Chapter

Race, Grassroots Activism, and the Evolution of the Republican Right in South Carolina, 1952–1974

John W. White

in Painting Dixie Red

Published by University Press of Florida

Published in print October 2011 | ISBN: 9780813036847
Published online September 2012 | e-ISBN: 9780813043999 | DOI: http://dx.doi.org/10.5744/florida/9780813036847.003.0008
Race, Grassroots Activism, and the Evolution of the Republican Right in South Carolina, 1952–1974

Show Summary Details

Preview

This chapter argues that between 1952 and 1974 the South Carolina Republican Party constructed a strong alternative based on appeals to mainstream white voters who were turned off by what they viewed as heavy-handed federal policies, but were unwilling to side with the South's most intransigent segregationists in an unwinnable battle to preserve Jim Crow. The chapter also questions the import of what it calls the so-called Southern Strategy by stressing Republican development in the suburbs, the marketing efforts of Dolly Hamby, and—in any event—casting the strategy as the culmination of two decades of grassroots political change rather than the beginning of the state's move toward the GOP. Also, contrary to most historiography, the essay points to the presidential elections of 1952 and 1960 (along with local and statewide races in 1961, 1962, 1966, and 1970) as far more important to the southern move toward the GOP than the extensively studied elections of 1948, 1964, and 1968.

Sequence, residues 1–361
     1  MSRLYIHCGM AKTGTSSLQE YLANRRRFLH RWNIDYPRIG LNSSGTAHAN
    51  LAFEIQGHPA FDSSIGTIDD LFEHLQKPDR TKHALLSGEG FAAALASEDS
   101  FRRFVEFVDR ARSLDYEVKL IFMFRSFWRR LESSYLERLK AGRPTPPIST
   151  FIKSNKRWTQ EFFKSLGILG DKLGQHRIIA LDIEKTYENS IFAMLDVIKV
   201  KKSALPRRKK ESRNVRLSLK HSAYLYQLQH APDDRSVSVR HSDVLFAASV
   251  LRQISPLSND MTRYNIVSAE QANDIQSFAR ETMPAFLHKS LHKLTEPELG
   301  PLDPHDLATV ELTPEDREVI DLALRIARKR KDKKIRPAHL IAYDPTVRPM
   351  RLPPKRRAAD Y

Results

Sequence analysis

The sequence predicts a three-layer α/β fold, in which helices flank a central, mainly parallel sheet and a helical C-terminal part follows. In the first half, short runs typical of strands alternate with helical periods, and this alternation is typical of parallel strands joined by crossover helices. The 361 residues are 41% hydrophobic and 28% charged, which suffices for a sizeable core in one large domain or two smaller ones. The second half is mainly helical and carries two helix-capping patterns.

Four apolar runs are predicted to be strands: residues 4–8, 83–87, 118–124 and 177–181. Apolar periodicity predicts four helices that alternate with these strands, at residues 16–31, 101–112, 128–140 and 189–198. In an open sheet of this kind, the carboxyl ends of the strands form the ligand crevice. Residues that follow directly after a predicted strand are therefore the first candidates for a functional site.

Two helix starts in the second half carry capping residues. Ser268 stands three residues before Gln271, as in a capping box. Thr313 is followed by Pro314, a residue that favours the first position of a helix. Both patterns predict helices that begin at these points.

Keywords: South Carolina; South Carolinians for Eisenhower; Strom Thurmond; James F. Byrnes; Mendel Rivers; Dixiecrats

Chapter.  14798 words. 

Subjects: History of the Americas

Full text: subscription required

How to subscribe Recommend to my Librarian

Users without a subscription are not able to see the full content. Please, subscribe or login to access all content.